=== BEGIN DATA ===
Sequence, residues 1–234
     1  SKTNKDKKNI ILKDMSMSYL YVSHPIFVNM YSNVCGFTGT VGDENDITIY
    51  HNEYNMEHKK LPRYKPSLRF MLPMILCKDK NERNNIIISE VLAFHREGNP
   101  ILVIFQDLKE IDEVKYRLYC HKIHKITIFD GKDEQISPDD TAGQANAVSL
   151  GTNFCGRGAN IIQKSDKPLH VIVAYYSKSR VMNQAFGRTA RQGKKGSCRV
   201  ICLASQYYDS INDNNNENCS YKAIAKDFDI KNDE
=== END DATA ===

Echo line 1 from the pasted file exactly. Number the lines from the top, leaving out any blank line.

Sequence, residues 1–234